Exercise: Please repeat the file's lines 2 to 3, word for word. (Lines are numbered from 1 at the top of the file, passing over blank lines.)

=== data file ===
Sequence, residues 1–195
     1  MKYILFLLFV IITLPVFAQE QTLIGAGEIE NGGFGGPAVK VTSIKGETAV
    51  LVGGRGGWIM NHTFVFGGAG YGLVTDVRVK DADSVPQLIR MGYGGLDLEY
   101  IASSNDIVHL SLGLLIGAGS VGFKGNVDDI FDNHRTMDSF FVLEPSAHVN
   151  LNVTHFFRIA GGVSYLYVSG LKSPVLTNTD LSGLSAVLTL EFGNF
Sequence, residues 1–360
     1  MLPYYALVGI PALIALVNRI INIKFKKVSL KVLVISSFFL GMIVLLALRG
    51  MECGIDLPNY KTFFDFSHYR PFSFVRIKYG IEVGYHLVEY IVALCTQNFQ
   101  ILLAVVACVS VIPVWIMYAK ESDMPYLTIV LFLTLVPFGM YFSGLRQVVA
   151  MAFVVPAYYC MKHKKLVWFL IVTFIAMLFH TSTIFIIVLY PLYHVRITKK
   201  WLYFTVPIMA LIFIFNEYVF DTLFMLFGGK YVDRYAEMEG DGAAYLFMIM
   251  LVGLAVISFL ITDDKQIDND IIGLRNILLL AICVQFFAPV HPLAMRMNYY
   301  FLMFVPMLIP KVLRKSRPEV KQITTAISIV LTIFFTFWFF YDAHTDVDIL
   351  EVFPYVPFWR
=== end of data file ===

     1  MKYILFLLFV IITLPVFAQE QTLIGAGEIE NGGFGGPAVK VTSIKGETAV
    51  LVGGRGGWIM NHTFVFGGAG YGLVTDVRVK DADSVPQLIR MGYGGLDLEY